Three months after major brands of infant cold and cough medicines were voluntarily pulled off the market -- two new surveys show most parents still think it's okay to use them.
So Thursday, the FDA warned again, they're not safe. Even though it's rare, the FDA says there can be serious, potentially life-threatening side effects in that age group. The reason, it's just so easy to accidentally overdose kids under two -- even with the advice of a doctor. Because different versions of the medicines look alike, but have different ingredients.
"It's simply not a case of sending someone out and saying 'buy such-and-such product and use it at, you know, this dose' because it may not the product that the health care provider is thinking about," said Charles Ganley, Director, FDA Office of Nonprescription Drugs.
FDA advisors have already said there's really no evidence that stuff even works in kids under age two. And now, even the drug companies have quit making cold and cough medicine for infants. But since millions of Americans still have those remedies in the medicine cabinet, the FDA is still trying to get the word out to throw out your cold and cough medicine if the label says it is intended for kids under age 2.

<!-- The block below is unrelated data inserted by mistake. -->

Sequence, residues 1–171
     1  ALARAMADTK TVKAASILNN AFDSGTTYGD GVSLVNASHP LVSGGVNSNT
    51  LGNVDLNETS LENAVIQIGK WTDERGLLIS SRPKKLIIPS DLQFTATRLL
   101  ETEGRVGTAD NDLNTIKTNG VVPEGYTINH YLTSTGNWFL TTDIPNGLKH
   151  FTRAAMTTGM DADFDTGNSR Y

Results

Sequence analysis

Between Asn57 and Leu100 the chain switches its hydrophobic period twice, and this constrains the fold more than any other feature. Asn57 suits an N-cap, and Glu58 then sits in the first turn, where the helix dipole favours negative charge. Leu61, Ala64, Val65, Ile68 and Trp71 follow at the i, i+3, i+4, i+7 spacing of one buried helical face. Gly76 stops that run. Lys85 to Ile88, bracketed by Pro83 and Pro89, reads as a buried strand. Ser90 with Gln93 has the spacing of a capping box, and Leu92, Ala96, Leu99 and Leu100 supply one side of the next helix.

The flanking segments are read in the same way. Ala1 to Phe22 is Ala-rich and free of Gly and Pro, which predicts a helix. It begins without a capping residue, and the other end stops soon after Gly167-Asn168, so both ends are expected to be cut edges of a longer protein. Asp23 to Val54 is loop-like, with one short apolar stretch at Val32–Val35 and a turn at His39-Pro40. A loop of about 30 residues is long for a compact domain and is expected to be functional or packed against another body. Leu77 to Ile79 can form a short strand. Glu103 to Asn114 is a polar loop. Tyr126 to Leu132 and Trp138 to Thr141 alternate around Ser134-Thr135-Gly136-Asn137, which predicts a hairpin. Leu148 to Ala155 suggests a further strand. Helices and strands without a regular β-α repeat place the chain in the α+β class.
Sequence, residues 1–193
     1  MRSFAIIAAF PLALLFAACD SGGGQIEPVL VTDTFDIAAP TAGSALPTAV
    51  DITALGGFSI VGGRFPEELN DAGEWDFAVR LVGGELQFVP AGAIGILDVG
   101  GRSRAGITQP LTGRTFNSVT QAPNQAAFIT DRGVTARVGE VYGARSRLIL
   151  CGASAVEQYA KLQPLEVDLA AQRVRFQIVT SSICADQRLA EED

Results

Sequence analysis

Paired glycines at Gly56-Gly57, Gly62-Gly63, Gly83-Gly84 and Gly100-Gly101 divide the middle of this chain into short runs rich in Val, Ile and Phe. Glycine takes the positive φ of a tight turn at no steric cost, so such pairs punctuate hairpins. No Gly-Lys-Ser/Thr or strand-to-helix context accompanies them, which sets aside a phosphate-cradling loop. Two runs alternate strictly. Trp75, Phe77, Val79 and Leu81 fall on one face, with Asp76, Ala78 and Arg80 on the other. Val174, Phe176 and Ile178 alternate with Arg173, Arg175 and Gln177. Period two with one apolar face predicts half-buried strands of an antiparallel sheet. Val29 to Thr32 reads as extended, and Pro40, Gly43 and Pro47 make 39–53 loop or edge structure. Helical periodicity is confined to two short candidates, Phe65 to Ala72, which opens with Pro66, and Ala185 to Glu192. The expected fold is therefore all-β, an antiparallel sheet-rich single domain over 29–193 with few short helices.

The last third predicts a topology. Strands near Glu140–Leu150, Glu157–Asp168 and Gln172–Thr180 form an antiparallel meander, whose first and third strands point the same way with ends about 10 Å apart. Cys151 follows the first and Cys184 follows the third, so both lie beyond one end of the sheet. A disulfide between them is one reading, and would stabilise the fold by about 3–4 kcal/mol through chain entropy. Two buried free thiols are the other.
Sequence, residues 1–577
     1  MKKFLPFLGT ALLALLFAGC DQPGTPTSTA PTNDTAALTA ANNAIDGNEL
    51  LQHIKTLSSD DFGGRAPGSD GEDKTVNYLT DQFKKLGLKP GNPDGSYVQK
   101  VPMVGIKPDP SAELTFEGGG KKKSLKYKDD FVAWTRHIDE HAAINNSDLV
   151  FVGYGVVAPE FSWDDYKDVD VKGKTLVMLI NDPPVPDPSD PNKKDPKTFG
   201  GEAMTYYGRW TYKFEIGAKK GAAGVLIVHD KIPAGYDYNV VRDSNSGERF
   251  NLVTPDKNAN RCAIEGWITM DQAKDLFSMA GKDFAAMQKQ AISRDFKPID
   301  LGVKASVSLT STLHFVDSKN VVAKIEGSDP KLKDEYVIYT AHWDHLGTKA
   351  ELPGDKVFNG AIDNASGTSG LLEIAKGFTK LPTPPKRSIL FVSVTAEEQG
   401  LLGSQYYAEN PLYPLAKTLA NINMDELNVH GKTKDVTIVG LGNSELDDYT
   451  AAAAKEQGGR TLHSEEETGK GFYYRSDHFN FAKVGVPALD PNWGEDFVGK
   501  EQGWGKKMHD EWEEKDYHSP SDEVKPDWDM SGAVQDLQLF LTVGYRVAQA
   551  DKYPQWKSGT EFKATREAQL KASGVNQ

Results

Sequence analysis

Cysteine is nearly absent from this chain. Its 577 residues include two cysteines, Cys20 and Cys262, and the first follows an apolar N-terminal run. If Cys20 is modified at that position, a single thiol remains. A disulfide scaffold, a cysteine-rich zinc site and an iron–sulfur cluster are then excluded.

Chicken soup and lots of love may be the best treatment for little ones with a cold or cough.
Over the counter cough and cold products include decongestants, expectorants, antihistamines, and antitussives (cough suppressants) for the treatment of colds.
Pending completion of the fda's ongoing review, parents and caregivers that choose to use OTC cough and cold medicines to children ages 2 to 11 years should: